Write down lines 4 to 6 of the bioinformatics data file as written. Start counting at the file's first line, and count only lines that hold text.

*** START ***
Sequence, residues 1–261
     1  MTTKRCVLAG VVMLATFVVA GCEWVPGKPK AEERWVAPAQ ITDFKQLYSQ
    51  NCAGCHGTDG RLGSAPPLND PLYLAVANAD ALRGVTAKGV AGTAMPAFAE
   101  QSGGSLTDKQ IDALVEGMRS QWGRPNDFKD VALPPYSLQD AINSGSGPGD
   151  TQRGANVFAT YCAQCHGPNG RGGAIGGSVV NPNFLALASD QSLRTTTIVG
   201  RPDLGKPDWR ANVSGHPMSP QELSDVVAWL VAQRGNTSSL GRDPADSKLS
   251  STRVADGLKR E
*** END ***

   101  QSGGSLTDKQ IDALVEGMRS QWGRPNDFKD VALPPYSLQD AINSGSGPGD
   151  TQRGANVFAT YCAQCHGPNG RGGAIGGSVV NPNFLALASD QSLRTTTIVG
   201  RPDLGKPDWR ANVSGHPMSP QELSDVVAWL VAQRGNTSSL GRDPADSKLS